It’s day two of my three day detox and I’m happy to report I haven’t keeled over through starvation. Yet. Though that’s not to say it hasn’t been a mighty (and frankly superhuman) effort staying away from those bloody Crunchie ice creams in the freezer, not to mention resisting dipping into the ‘drawer of goodies’ at work. By dinner time last night I was more excited about consuming soup than I ever previously fathomed it possible for a human to be. And remembering I was allowed to have a chamomile tea before lights out elicited an actual squeal of delight.
What is happening to me? I’m not at all sure I like this version of myself, who spends her days wafting dolefully past trays of cakes in the office, and was so pathetically grateful for this morning’s coconut and spinach smoothie it nearly reduced her to tears? This afternoon I was even overjoyed to remember I had left the eight raw almonds out of my lunchtime salad, and subsequently ate them hunched over my desk like a starving savage.
But worst of all is the guilt. Yesterday I had eaten my salad before it dawned on me I’d made enough for two portions (according to the person who came up with this plan-who must, in my opinion, actually be a stick insect), then at dinner I crumbled after eating my allowance of ONE CUP of soup (ridiculous) and ended up having at least twice that (what? It’s only got vegetables in it for God’s sake, and I’m not even allowed any bread!) Today, too, I over-catered, albeit accidentally because my colleagues expressed a mild interest in trying my Mean Green Smoothie but, when it came to it, decided it smelt too much like pond scum to imbibe it. Nice.
It’s now 7pm and I’m attempting to wait until 8pm for my poxy ‘cup’ (read: at least two bowls. I no longer believe in conformity) of soup, as I don’t think I could bear watching the Great British Bake Off without some food (though even with the soup there’s a strong chance I’ll have gnawed off my own leg by the time the programme is over, or at the very least launched myself at the freezer and done away with every Crunchie ice cream in it).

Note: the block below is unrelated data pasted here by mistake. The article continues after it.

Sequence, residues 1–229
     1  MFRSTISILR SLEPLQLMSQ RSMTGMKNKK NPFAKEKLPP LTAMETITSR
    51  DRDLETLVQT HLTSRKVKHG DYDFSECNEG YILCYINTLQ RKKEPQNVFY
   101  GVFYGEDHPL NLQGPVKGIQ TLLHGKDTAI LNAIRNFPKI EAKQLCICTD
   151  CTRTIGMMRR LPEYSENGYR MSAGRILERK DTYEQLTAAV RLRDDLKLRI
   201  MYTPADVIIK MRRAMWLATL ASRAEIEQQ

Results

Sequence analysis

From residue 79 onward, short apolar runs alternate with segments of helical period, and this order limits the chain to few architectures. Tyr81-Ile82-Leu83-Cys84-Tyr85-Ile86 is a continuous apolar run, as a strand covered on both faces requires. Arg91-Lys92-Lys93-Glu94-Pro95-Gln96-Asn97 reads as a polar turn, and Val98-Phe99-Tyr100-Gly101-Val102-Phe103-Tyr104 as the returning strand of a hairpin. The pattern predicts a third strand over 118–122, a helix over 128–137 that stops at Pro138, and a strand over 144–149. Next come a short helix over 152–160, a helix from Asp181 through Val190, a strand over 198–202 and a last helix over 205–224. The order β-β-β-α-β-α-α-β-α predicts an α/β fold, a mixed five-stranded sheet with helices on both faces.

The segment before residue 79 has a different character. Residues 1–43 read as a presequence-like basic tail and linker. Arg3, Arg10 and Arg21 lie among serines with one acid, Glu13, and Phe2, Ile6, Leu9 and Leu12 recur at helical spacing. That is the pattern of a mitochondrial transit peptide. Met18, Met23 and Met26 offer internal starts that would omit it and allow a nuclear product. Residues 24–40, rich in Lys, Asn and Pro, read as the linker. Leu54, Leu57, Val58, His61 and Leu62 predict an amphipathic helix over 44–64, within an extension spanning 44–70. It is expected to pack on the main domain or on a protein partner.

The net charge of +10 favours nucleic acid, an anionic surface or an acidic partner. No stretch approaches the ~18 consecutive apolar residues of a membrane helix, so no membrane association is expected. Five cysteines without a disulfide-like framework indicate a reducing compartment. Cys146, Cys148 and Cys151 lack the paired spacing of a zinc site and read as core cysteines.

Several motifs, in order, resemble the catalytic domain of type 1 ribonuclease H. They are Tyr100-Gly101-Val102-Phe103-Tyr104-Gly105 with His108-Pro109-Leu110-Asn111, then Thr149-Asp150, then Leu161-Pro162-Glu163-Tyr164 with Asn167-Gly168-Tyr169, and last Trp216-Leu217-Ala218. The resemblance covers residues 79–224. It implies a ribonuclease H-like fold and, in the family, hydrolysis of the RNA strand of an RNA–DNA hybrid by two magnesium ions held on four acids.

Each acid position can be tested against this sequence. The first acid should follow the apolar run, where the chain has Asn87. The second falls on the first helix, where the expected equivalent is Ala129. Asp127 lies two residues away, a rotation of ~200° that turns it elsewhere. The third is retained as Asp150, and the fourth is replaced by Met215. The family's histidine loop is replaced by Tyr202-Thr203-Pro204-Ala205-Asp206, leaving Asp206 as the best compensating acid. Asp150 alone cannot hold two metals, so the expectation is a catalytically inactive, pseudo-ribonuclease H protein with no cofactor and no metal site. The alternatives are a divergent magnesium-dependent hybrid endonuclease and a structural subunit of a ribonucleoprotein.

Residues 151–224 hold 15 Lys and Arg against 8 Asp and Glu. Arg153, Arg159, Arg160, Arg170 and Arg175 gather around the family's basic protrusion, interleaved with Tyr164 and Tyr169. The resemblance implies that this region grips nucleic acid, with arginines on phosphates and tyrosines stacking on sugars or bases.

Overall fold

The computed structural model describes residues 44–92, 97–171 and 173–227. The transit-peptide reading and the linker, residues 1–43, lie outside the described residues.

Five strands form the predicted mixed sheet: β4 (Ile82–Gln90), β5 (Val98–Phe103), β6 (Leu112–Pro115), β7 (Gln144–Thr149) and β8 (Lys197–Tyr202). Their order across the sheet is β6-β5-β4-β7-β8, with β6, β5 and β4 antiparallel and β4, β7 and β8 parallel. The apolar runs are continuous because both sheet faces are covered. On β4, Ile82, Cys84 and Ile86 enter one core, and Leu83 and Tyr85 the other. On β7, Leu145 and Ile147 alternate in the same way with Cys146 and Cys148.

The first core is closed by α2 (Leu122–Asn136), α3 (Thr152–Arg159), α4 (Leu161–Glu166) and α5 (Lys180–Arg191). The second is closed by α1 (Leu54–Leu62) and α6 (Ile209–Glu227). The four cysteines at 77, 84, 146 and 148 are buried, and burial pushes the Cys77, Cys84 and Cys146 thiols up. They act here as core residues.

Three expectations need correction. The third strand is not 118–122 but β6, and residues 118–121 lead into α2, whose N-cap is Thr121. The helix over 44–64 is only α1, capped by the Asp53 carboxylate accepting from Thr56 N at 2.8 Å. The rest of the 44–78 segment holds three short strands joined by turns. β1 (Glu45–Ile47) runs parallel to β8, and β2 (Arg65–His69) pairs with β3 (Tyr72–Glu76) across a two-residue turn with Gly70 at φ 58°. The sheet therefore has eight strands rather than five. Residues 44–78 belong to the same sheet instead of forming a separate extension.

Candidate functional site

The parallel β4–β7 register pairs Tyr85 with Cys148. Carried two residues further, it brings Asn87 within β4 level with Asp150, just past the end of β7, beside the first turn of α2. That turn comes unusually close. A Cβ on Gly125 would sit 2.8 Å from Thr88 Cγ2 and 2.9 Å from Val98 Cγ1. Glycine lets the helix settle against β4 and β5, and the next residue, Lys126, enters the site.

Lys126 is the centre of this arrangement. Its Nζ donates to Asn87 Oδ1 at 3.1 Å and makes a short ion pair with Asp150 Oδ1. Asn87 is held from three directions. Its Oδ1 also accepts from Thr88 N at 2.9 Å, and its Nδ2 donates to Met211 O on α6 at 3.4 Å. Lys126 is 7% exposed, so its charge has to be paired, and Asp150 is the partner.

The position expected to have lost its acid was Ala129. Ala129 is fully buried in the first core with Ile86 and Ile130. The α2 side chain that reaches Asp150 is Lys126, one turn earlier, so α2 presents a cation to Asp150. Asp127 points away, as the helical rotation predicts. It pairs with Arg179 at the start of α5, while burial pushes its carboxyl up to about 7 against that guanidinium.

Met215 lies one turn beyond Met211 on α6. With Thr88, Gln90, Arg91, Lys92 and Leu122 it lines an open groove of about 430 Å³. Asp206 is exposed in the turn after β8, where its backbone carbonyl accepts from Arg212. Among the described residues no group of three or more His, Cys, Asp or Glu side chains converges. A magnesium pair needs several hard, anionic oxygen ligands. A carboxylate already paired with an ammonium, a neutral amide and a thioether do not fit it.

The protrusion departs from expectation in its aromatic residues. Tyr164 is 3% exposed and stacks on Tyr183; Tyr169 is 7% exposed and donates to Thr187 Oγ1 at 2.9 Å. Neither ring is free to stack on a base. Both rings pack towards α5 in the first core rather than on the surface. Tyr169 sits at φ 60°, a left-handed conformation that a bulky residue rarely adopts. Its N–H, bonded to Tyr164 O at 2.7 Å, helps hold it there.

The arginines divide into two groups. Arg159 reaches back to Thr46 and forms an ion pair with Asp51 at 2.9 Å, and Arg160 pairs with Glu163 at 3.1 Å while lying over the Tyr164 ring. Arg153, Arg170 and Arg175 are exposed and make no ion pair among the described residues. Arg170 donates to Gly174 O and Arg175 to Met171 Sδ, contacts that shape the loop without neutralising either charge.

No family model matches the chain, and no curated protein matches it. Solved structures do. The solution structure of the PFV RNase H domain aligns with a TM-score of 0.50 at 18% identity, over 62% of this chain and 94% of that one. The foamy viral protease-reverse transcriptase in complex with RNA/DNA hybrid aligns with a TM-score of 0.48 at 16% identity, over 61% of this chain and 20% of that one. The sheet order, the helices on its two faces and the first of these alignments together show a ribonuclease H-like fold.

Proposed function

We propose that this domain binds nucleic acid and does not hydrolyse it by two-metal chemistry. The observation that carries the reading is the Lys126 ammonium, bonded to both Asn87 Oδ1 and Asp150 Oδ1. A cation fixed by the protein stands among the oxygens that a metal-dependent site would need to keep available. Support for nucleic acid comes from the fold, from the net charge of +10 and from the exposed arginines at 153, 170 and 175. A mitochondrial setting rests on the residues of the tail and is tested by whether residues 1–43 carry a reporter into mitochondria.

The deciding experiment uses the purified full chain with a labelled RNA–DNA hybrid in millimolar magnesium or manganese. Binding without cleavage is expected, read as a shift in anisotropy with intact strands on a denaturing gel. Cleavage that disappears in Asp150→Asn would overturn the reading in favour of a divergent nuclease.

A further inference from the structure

I’d be rubbish at proper dieting. When you’re not allowed to eat things those things are all you can think about. It’s pure torture. Thank God there’s only one more day standing between me and all the ice cream, chocolate, cheese and pizza I can eat. Not to mention the red wine. Yes, I know I’m missing the point of the detox if I’m not prepared to change my ways for good at the end of it, but one thing I’m learning with this experience is this: Life’s too short to detox.
I’ve never been a fan of beauty features, especially those interminable ones that harp on endlessly about the latest ‘miracle’ cream which most of us would have to sell a kidney to stand even a chance of affording. These days even girls in their early twenties are slathering on anti-wrinkle serum every night in the hope they will forever retain their youthful complexions. Whatever happened to growing old gracefully?
Lord knows I’ve done enough damage to my skin over the years through sunbathing and smoking alone. Fortunately I’ve now firmly knocked the smoking on the head, but I’m still partial to the odd high factor cream-less lay about on the Common, despite the regular health warnings we’re now subjected to (have the people making the announcements actually looked out of the window lately? It would be a miracle if the sun’s rays were able to penetrate the thick canopy of cloud that’s hung over us for the past few months).
But whilst many of my peers won’t use anything but the best on their skin to try and redress the balance of years of excess, I’ve always balked at spending over £15 on any single beauty product (with the sole exception of Boots No.7 Protect and Perfect serum, which is scientifically PROVEN to work, don’t you know). My mum, who’s in her sixties, still looks fantastic for her age and claims never to have used anything but soap and water, Oil of Ulay (as it was ‘back in the day’ – sorry Mum!) and E45 on her skin. So I’m praying to the God of Genes to keep me in good nick without a monthly shipment of Crème de la Mer.
What I have begun to fall victim to now I’m advancing further into my thirties is the latest tranche of fad food supplements. Only last week a packet of Spirulina powder plopped onto my desk (soon to be followed by a packet of Wheatgrass powder). Promising to “combat various forms of malnutrition, boost the immune system, protect against cancer, support detoxification, increase overall energy level, fight infections, counter obesity and relieve stress,” this is one SERIOUS super food.
The downside (because of course there is always a downside with these things) is that it tastes AWFUL. This morning when I mixed up my first dose with some apple juice and banana it smelt so bad I could hardly bear to raise it to my lips and take a sip. But I persevered, because if it does even half of the things it claims to do I might very well live forever – which will likely cost a fortune in skin cream, even if it is the £15-a-pop kind…